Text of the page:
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DescriptionEdit

Although Ariadne was born a human, many myths still regard her as a Goddess of Passion and Labyrinths. This is because of her endless love for both Theseus and Dionysos, and her important role in helping Theseus to escape the Labyrinth in the myth of the Minotaur. There are not many descriptions of her physical characteristics in myths; however some say she has brown hair while others state she had blonde.

 

Origin/MythEdit

Ariadne was originally a human, born to the King and Queen of Crete. After making a deal with Theseus to help him during his mission to kill the Minotaur, she left with him to return to Athens and become his wife. However, abandoned by Theseus on the island of Naxos, she married Dionysos, who either kidnapped or saved her. Once she passed away from old age, or in some myths killed herself out of despair, Dionysos supposedly, out of love, went down to Hades and had her reborn as an immortal. Whether or not she actually became a Goddess depends on the myth. Another version states that once Ariadne arrived on the island, distraught, she encountered a religious festival honoring Dionysos. The cult needed a sacrifice, and she was willing to participate. After she was killed by the revelers and brought to Hades, Dionysus was so impressed by her beauty and willingness to participate in his ceremony that he married her and granted her immortality. (Go to  other myths for the details of this myth)

 

FamilyEdit

Ariadne was the wife of the Wine God Dionysos. Her father was King Menos of Crete while her mother was Pasiphae, the daughter of Helios, the Sun God. Ariadne's sister is Phaedra, also a human. She had many children although depending on the myth, was born to either Theseus or Dionysos. Her children include Oinopion, Staphylos, Thoas, Tauropolis, Euanthes, Latromis, Peparethus, Phliasus and Eurymedon.

 

Other MythsEdit

Story of the Minotaur:

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The Minotaur was born to Pasiphae, Ariadne's mother, and a bull sent from Poseidon. Poseidon made Pasiphae fall in love with the bull because it was originally given to King Minos as a gift; however, he refused to sacrifice it to Poseidon. The Minotaur was half bull, half human, and hidden in the Labyrinth in the Minoan Palace at Knossos, constructed by Daedalus. Enemies would be sent there, for there is no way to make it out alive without being killed by the Minotaur first. After Androgeus, son on King Menos, was killed in Athens, during the Panathenaic Games, by the bull that created the Minotaur, King Menos ordered King Aegeus of Athens to send 7 women and men every year to the Minotaur in order to avenge the death of his son. The son of Aegeus, Theseus was among one of the 7 men to attempt to kill the Minotaur one year. Although he might have been able to kill the Minotaur, he would have no way of escaping the Labyrinth. When he met Ariadne, daughter of King Menos, she fell in love with him and agreed to help him if he promised to marry her when they arrived back in Athens. She consulted Daedalus, and he gave her a thread. Therefore, as Theseus traveled through the Labyrinth, he would always know the way back. Once he successfully killed the Minotaur while he was sleeping and followed the thread back to the entrance, he, Ariadne, and the other young Athenian sacrifices headed on their journey home. Before returning to Athens, they stopped on the island of Naxos to celebrate. Here, Ariadne was either deliberately or accidentally abandoned while sleeping, later to be rescued by Dionysus. (Go to origin/myth for the end of this myth)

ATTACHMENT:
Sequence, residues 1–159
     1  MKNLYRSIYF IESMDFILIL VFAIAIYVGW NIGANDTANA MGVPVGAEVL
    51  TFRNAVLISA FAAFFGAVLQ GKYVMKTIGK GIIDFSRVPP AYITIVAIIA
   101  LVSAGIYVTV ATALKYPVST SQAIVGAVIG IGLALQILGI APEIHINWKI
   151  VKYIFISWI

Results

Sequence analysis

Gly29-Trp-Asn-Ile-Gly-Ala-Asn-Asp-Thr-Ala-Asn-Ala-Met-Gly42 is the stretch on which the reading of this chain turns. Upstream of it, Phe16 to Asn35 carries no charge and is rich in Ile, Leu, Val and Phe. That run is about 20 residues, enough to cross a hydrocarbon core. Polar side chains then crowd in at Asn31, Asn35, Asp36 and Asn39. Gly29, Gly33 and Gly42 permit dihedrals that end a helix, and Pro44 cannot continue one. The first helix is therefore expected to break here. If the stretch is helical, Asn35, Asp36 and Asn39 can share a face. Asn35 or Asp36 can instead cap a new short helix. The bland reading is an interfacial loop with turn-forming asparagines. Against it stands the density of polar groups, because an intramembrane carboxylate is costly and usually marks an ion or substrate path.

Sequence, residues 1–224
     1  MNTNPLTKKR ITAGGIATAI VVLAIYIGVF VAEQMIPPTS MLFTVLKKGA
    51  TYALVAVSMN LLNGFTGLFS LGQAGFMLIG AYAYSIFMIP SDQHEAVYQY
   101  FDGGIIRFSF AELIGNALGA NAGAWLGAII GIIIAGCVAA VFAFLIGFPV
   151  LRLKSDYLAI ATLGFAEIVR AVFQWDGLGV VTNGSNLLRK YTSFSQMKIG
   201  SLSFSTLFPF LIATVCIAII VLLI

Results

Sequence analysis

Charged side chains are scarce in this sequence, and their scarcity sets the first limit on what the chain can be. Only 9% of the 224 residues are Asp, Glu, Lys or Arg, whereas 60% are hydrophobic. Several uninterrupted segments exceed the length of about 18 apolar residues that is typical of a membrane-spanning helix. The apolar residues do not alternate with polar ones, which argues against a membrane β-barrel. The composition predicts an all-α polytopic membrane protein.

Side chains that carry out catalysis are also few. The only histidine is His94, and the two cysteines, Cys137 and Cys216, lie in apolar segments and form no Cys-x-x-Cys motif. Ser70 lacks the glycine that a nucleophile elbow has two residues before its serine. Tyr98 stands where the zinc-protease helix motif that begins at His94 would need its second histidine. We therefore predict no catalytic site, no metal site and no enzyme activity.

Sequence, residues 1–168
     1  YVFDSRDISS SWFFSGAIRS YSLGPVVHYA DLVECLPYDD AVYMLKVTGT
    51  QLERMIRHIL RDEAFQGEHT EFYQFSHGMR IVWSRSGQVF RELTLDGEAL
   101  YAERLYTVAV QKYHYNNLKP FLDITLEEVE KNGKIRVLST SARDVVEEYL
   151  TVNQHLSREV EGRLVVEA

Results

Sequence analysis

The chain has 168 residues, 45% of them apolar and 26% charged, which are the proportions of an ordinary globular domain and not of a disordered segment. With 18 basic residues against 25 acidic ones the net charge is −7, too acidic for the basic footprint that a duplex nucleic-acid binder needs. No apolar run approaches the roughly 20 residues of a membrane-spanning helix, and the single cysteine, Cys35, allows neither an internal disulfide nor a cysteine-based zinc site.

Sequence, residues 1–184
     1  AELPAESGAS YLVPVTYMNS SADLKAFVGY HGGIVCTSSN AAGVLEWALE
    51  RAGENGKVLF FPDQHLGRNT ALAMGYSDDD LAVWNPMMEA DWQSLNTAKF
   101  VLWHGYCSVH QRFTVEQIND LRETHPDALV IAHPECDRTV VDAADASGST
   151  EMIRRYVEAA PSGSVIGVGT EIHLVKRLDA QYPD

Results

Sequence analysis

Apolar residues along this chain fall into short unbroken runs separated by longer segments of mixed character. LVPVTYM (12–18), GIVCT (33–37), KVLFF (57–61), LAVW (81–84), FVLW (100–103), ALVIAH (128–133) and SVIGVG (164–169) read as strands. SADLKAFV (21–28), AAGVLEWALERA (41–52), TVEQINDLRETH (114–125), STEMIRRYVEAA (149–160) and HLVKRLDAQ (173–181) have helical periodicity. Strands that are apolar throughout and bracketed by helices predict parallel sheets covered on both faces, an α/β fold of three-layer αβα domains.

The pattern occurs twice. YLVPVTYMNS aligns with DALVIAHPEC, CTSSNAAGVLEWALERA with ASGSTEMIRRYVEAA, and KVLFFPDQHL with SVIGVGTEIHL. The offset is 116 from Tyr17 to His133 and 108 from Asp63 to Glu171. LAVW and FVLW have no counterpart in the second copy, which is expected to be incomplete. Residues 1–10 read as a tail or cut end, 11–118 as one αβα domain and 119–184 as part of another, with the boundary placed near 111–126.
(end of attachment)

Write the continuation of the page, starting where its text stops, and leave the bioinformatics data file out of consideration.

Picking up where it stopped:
Powers  Edit

Ariadne, since she was not technically a God, only a human, she possessed no powers.

 

Other Interesting FactsEdit

Ariadne was given a crown by Aphrodite as a wedding gift when she and Dionysos were married. Once she died, Dionysos placed the crown in the sky to illustrate his love. This crown, formed by the stars at night, is now known as the Corona Constellation.

 

Works CitedEdit

Atsma, Aaron J. "Ariadne: Goddess Wife of Dionysos." Theoi Greek Mythology. Theo Project, 2000. Web.

10 Apr. 2013. <http://www.theoi.com/Georgikos/Ariadne.html>.

Parada, Carlos. "Ariadne." Greek Mythology Link. Carlos Parada and Maicar Forlag, 1997. Web. 10 Apr.

2013. <http://www.maicar.com/GML/Ariadne.html>.

Trckova-Flamee, Alena, Dr.  "Ariadne." Encyclopedia Mythica. 2013. Encyclopedia Mythica Online.

 11 Apr. 2013 <http://www.pantheon.org/articles/a/ariadne.html>.

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